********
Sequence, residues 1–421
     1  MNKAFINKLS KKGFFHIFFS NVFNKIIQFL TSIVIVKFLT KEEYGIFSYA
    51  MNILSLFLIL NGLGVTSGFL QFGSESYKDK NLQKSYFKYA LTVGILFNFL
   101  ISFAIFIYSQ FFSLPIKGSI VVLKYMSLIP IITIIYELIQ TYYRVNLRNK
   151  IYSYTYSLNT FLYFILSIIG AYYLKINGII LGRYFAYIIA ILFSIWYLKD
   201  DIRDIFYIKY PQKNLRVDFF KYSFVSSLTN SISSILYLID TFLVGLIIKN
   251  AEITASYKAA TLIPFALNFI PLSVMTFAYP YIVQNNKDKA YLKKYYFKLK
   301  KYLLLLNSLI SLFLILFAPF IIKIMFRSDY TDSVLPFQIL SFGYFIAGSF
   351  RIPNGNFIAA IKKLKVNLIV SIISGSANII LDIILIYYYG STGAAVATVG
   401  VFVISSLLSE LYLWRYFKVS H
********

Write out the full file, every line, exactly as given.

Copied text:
Sequence, residues 1–421
     1  MNKAFINKLS KKGFFHIFFS NVFNKIIQFL TSIVIVKFLT KEEYGIFSYA
    51  MNILSLFLIL NGLGVTSGFL QFGSESYKDK NLQKSYFKYA LTVGILFNFL
   101  ISFAIFIYSQ FFSLPIKGSI VVLKYMSLIP IITIIYELIQ TYYRVNLRNK
   151  IYSYTYSLNT FLYFILSIIG AYYLKINGII LGRYFAYIIA ILFSIWYLKD
   201  DIRDIFYIKY PQKNLRVDFF KYSFVSSLTN SISSILYLID TFLVGLIIKN
   251  AEITASYKAA TLIPFALNFI PLSVMTFAYP YIVQNNKDKA YLKKYYFKLK
   301  KYLLLLNSLI SLFLILFAPF IIKIMFRSDY TDSVLPFQIL SFGYFIAGSF
   351  RIPNGNFIAA IKKLKVNLIV SIISGSANII LDIILIYYYG STGAAVATVG
   401  VFVISSLLSE LYLWRYFKVS H